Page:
Well it’s most definitely not a bad dram. It’s almost refreshing to my taste; it has a malty and light mouthfeel. It’s one of those drams that I don’t think could ever be called complex, its more one of those that you could pour and sip and enjoy, but without really distracting you from you task at hand. Reading a book or watching a movie, you want a wee dram but really you don’t want to lose the concentration you have. At around £35 on a bad day, £25 on offer, it may be worth a visit
Highland Park 12 Year Old “Viking Honour” – Review
Colour: Light golden bronze.
On the nose: Fresh, aromatic. Creamy, notes of honey come through; it’s sweet yet smoky.
In the mouth: It’s quite a deep dram, in that there is a slight intensity initially, perhaps thoughtful on the initial sip. Fruity, juicy, perhaps an herbal tea, and that compost heather style of a peaty smoke, coated in a wee sweet case. On the finish: pepper, spice, herbs, smoke… longish.
Well, one thing is for me it’s not the same as above; it’s not the same dram just left for two more years! Whereas in theory the casks used in maturation are the same, I think the blending done to finish this 12 year old produces a different liquid. More thought to the drinker in this dram, but in some respects I think I prefer its younger sibling above. It in no way is undesirable, and I suspect on a different day I’d enjoy this more than the 10. I guess if the price is right I’d think this better? Again, this rocks in around £35 on a bad day, £25 when on offer.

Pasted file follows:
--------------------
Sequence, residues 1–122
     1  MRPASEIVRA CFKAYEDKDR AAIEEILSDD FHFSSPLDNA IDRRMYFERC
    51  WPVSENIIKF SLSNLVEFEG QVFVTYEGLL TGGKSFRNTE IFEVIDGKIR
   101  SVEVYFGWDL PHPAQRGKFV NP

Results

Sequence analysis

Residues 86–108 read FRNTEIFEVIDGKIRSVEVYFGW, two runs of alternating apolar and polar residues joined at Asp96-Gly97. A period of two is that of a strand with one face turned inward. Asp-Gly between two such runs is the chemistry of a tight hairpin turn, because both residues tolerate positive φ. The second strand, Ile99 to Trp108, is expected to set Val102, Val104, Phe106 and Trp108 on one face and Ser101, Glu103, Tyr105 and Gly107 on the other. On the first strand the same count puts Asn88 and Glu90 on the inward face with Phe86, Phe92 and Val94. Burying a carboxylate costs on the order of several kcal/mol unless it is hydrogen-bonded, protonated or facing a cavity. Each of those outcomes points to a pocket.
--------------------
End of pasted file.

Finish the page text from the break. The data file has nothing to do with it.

Highland Park “Dragon Legend” – Review
Colour: Light bronze.
On the nose: Dried cut grass, or a walk through a freshly baled field, maybe stopping of for a glass of sherry or red wine on the way. Some slight candy sweetness.
In the mouth: Peat! This hits heavier on the peated side than you will find in the two previous drams. It’s there from the first sip; it does give way to that sherry… perhaps sherry-soaked dark fruits, Christmas fruit cake springs to mind, healthy and lip smacking. On the finish, the Christmas spice is there, perhaps with some citrus; it’s long and moreish.
This is more akin to something a peated dram drinker would enjoy. It isn’t pretending to have peat in it; it’s there, unhidden, but like the other two it has still got and air of being clean and fresh about it. This one, perhaps more than the other two, is accepting of its earthy peaty-ness, rather enjoyable. The price on this can shoot to the dizzy heights of £45, but can be found dropping to around £32.
Highland Park, has, for some, become a more trendy persons spirit than the aficionado’s dram. I’m not against that; I’m one of those people whom wants everybody to enjoy Scotch whisky. If making it more attractive to a certain age group or customer base means some rebranding every now and again then, yeah, why not? The purists out there will probably shake heads, tell me it’s all gimmicks etc. But at the end of the day whisky producers – in all truth – are not there to cater to the aficionado; they are there to provide to everyone. No mater our personal preference, whisky is for everyone, enjoy it how you want. As a Viking might say: Skål.